Monday, August 29, 2011

Tips for conquering Constipation

It's not a topic of polite conversation, but as the saying goes "Constipation Happens"!

In these days of bowel screening for Colon Cancer, any change in bowel habit is worthy of investigation, but for the majority of people with "sluggish" bowels, how to treat constipation is still more of an art than a science: so in order to help improve the situation, here are a few thoughts on the subject.

The body has a natural reflex to empty the bowel and this occurs usually about 15 to 20 minutes after a meal and is known as the Gastro-Colic reflex. In other words, if you put food in the top end of the gut tube, you will need to clear some space lower down, in order to make room for the waste material from this meal when it comes through. The problem is that in these modern, busy times with all the rush and "things to do", we often suppress this urge, and like most things, if not used properly, it gets a little "rusty"! But the reflex is always there, even when not used, and it can be reactivated. So, if constipation is a problem, then chose a meal that you might regularly have time after, and then about 15 minutes after eating, go to the little romm with a book or magazine and sit and wait to see if you can feel that reflex wanting to work. If after say 5 minutes, nothing has happened, then repeat after the next appropriate meal. With patience, you should be able to become aware of your bowel wanting to empty.

The next thing is to make sure that your bowel has enough residue in it for the gut to actually grip on: and the best foods for this are vegetables, wholemeal grains, nuts and fibrous fruits. Processed and packaged foods are often just "dissolve in your mouth and disappear in the bowel" materials that will not help in resolving constipation! A good suggestion is to keep a food diary in order to help you become aware of what you actually eat on a daily/weekly basis: once you know, then you can make appropriate, healthy changes.

Exercise is yet again a really good "get out of goal" card for most things that ail us: and yes, it does help with constipation too!

When it comes to things that help the bowel work more efficiently, the following treatments might be of help:

  • Treatments that help soften the stool: Coloxyl tablets from the Pharmacy.
  • Treatments that help make the gut contract more strongly: such as Senna, and Phenopthalein that is found in certain medications.
  • Treatments that ferment in the bowel such as Lactulose.
  • Treatments that lubricate the gut such as Liquid paraffin and Glycerin suppositories.
Needless to say, if you have any health condition such as Diabetes; or are on any medications, antibiotics or anything else for any acute or chronic illness; or you are pregnant, then you should consult a Doctor before taking any medication for constipation.

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Tuesday, August 23, 2011

Making sport safer for our Children

When we think of sport, we think of fit athletes running around exuding good health: and that is true to a large extent, but as with all good things there is often a downside; and with sports the downside is injury. The figures for Australia are not healthy reading: according to the Australian Bureau of Statistics,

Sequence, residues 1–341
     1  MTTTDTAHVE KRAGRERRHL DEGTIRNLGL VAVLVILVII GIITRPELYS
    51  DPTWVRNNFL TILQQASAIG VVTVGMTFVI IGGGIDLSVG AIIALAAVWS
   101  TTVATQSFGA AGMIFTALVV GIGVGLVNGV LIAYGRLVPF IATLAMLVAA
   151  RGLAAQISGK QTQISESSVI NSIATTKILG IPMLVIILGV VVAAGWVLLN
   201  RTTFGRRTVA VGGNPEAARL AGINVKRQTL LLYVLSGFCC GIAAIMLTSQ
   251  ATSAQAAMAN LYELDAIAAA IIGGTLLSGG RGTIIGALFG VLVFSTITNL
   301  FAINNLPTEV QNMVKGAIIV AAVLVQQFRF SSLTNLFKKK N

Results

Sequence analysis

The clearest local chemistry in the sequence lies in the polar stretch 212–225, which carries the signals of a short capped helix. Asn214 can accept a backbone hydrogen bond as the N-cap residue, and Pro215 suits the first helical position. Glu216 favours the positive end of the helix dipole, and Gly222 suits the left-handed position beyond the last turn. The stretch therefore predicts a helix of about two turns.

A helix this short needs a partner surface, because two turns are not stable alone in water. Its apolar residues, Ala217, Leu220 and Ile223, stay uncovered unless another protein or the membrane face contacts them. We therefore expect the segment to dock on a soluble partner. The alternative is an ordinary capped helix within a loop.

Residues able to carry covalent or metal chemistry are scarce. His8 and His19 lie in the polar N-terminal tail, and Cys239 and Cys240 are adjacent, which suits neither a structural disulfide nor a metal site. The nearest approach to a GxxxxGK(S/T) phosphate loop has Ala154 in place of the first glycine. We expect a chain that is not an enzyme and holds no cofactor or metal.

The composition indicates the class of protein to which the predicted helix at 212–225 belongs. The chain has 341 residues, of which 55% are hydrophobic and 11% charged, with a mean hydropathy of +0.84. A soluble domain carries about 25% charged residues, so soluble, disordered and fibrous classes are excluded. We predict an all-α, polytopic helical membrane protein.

• There were 42,452 sports and recreational related injuries in the year 2002 - 2003.
  • Although there were a greater number of females >15 involved in sport, 74% of hospitalizations due to sports related injuries were males.
  • The most dangerous sports per capita for 15 yrs olds and over were wheeled motor sports, followed by roller blades/skateboarders/skaters, Aussie Rules and horse related sports.
  • Sports injuries cost Australia $1.83billion in 2003.

One of the inconsistencies about modern sport is that our approach to athletes - and by this I mean all those who are involved in sporting activities - is "upside down", with mature athletes getting more appropriate training and preventative advice than our young athletes do. With the trend towards specialization at an early age, we are now seeing "overuse" injuries - previously the domain of professional athletes - which now account for approximately half of all youth injuries reported. According to US Prof James Andrews MD, an Orthopedic surgeon, the major problems are:
  1. Improper technique
  2. Ill fitting equipment
  3. Training errors
  4. Coach and parental pressure
  5. Failure of early injury recognition
When you think that following an ACL injury and repair (repair of the anterior cruciate ligament in the knee),  Xray imaging of the knee taken 10 years after the repair,  will show the early changes of arthritis, (and we are seeing more and more players in their early 20's having such repairs), then the specter arises that today's sporting heroes may well be facing joint replacements in their 40's, just when their children are reaching adolescence! As well as reducing the quality of life to the sufferer, it doesn't do much to project the image of a "healthy role model" for their offspring.

 The problem being that with young people, their muscles and ligaments haven't "caught up" with their inherent skills and levels of physical activity. The way forward is not prohibition, but through education: education of parents, education of schools, education (and accreditation of) sports coaches, and involvement of sports Physicians in the process, so that everyone involved is focused on the best possible outcome for the players, and then for the sport.

image source:
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Monday, August 22, 2011